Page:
PNC to Bring Mobile Services to Underserved D-FW Communities
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PNC Bank brings a mobile branch to North Texas communities that lack sufficient access to banking services.
The 30 foot mobile unit looks like an RV. It has a one-driver cabin, four wheels and a trailer-like body. But, it is equipped to be a functional banking service and was custom built for this initiative.
Residents will have access to ATM deposit and withdrawal cash, including the ability to withdraw $1 bills. They will be able to receive or replace debit cards, open bank accounts, apply for loans and more. Inside the unit, residents can discuss their finances with a banker in a private office space.
The mobile branch is equipped with security cameras, a retractable awning to protect customers from the sun and a wheelchair accessible assistance button. The banking unit also has its own generator and satellite, which allows it to operate in the event of a disaster.
Whether or not a customer is banking with PNC, they can use the mobile branch and services can be provided in English and Spanish.
The mobile arm visits partner nonprofits every two weeks with three-year contracts that can be renewed if both parties agree. Each nonprofit organization hosting the Mobile Branch can provide specific information about the dates and times when they will be available.
Residents can use mobile banking services to avoid predatory lending practices, such as cash lending services, said Brendan McGuire, North Texas PNC regional chairman.
The purpose of the mobile branch, McGuire said, is to empower and educate users about the banking resources available to them.
“We can take this branch to community centers in low-to-moderate income communities to help serve the residents of this neighborhood and not only provide them with banking solutions, but provide them with the ability to improve their financial well-being,” McGuire said.
McGuire said PNC works closely with community partners to tailor solutions to each community and build trust with residents who fear banking.
Mobile banking is part of PNC’s $88 billion community benefits plan, which was announced in April 2021 to support minority and low-income areas.
“We really invest in our communities to make them stronger,” McGuire said. “We are now the fourth largest bank in the region, and what we have been able to do is implement our traditional banking strategy in an innovative way.”
The mobile branch will serve several community centers in the area, including Jubilee Park and Community Center, CitySquare, Foundation Communities, United MegaCare/TD Jakes Ministries, Texas Wesleyan University, LVTRise and Hunger Busters.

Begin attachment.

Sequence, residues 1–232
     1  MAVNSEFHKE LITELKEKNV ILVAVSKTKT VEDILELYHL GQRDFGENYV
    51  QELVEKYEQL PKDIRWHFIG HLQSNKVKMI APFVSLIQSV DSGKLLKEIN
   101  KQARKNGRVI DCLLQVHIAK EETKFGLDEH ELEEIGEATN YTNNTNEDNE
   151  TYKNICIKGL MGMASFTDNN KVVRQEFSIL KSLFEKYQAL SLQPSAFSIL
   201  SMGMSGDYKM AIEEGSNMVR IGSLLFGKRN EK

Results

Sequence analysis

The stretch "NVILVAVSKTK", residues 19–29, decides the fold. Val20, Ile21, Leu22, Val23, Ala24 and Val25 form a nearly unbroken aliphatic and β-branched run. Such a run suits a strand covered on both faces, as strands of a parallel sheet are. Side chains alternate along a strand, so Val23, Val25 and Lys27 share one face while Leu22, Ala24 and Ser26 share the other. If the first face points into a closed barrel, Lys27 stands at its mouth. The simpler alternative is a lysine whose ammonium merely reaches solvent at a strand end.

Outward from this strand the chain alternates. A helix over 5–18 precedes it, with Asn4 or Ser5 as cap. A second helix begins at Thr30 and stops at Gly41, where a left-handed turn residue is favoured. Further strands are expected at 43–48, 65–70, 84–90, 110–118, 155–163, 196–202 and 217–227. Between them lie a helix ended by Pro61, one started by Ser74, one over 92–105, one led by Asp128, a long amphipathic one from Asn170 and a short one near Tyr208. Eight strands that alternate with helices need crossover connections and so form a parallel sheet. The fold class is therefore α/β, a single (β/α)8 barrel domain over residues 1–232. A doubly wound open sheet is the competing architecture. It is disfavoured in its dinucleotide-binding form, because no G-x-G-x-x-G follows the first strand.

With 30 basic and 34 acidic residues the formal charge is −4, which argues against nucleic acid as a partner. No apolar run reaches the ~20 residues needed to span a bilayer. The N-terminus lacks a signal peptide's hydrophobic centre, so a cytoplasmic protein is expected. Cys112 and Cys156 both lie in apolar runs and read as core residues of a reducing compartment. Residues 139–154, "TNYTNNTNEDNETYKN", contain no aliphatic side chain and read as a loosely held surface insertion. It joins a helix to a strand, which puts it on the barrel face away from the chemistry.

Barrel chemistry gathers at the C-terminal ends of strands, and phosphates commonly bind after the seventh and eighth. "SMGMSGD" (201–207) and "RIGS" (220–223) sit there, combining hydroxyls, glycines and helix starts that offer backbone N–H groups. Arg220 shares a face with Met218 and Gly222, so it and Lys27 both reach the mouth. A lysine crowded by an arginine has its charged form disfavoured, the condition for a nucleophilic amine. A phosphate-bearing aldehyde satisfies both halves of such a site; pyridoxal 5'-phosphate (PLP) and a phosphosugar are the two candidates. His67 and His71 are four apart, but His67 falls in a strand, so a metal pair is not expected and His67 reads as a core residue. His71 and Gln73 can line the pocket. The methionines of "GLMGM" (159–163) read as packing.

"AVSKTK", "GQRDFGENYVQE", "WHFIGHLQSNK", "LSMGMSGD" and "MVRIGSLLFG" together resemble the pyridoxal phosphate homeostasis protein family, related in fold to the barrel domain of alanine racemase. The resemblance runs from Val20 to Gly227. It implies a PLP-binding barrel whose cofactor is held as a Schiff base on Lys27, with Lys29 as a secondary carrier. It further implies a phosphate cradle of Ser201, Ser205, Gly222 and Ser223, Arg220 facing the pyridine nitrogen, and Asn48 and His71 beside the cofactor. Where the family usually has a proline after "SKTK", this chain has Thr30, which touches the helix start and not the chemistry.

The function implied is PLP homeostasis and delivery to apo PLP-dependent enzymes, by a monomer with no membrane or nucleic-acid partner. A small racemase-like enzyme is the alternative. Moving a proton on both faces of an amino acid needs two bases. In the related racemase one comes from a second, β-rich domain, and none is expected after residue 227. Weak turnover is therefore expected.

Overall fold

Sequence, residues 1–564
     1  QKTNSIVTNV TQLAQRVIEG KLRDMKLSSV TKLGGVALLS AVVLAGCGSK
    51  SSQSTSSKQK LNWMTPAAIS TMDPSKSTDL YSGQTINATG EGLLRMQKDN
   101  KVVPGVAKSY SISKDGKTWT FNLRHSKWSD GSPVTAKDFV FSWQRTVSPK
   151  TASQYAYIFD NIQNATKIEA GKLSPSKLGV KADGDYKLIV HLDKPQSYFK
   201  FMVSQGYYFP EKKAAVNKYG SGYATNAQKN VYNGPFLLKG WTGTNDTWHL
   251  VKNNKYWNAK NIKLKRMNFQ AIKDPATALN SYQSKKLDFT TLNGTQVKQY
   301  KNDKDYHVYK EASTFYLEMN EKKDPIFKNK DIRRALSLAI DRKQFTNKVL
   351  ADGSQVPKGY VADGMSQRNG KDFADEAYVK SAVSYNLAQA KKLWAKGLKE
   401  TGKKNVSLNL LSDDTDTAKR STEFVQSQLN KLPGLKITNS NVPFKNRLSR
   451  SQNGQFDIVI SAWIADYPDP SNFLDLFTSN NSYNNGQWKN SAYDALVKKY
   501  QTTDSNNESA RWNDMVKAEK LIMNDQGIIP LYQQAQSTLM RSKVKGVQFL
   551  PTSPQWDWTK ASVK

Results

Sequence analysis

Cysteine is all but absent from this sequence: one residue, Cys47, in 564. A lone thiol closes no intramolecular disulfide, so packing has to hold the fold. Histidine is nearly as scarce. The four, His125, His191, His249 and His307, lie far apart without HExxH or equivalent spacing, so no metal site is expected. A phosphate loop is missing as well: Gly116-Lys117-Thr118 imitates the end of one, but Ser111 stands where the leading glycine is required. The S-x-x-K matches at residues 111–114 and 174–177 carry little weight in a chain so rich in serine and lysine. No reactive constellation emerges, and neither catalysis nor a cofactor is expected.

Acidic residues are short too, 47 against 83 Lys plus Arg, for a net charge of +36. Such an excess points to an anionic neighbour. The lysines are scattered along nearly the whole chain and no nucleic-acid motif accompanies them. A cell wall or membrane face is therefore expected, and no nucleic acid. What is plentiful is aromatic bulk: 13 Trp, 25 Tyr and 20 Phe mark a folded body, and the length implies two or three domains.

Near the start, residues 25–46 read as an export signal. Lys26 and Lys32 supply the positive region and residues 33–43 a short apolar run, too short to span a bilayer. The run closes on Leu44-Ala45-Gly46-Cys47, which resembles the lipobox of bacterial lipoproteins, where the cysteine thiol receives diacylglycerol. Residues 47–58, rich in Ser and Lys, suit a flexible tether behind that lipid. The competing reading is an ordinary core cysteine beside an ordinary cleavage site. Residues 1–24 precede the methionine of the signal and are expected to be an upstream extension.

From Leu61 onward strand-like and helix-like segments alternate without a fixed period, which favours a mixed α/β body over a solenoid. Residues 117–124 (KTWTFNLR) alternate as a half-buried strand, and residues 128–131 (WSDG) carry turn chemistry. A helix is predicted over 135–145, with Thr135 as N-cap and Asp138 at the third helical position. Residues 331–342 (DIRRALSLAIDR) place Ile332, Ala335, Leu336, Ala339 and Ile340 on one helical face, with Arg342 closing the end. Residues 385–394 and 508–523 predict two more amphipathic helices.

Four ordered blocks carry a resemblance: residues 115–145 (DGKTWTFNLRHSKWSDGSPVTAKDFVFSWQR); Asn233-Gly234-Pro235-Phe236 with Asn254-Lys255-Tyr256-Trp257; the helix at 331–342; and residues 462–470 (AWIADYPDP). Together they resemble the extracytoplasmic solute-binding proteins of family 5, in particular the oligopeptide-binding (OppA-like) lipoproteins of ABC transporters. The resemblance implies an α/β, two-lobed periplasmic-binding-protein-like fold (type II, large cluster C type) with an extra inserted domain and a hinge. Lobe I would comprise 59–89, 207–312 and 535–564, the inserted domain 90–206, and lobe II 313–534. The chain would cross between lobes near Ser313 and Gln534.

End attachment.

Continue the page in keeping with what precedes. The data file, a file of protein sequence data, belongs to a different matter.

PNC has piloted mobile banking in Detroit, Baltimore, and Chicago, and there are plans to expand to other parts of Texas as well.
Banking is different for residents of all Dallas neighborhoods. Residents are “underbanked” when they do not have sufficient access to banking resources. For example, if a neighborhood does not have a bank, residents often rely on non-traditional forms of banking like cash lending services. Residents are “unbanked” when they have no bank account at all.
In 2019, about 5.4% of US households were unbanked, according to a report by the Federal Deposit Insurance Corporation. Black households accounted for 13.8% of unbanked households; Hispanic households accounted for 12.2%; white households were 2.5%; disabled households of working age were 16.2%.
In Texas, 7.7% of the state was unbanked in 2019, according to the FDIC.
Urooj Khan, an associate professor at the University of Texas at the Austin McCombs School of Business, said some people don’t bank because they don’t trust the financial institution and fear being taken advantage of. Other challenges people face with banking services include language barriers and unfamiliarity with internet-based online services.
He said solutions such as mobile banking have been tested in other cities across the country and have the potential to be successful.
But in addition to community efforts, there must be education to promote financial inclusion, he said, particularly about the dangers of using payday loan services that take advantage of customers with high interest rates. high interest.
“You need to look for alternative channels through which you can offer these services,” he said. “However, simply offering a branch is not the only way to ensure that it succeeds. I think educating people about banking [and] money management is just as important.
Mary Tillman-Young, Foundation Communities’ director of culture and engagement, said the partnership with PNC has been a “huge asset.” Foundation Communities is a low-income housing organization that hosts the mobile branch at its Sleepy Hollow and Shadow Brook locations in Arlington.
Tillman-Young said access to resources is often a barrier for residents at their Arlington locations because there is virtually no public transportation. It is therefore important to have the PNC mobile branch on site at their locations.
“It’s not just mobile banking, it’s not just ATM services, it’s not just financial literacy, but they bring all of those things together with a focus on educating people. residents. It’s a huge plus,” she said.
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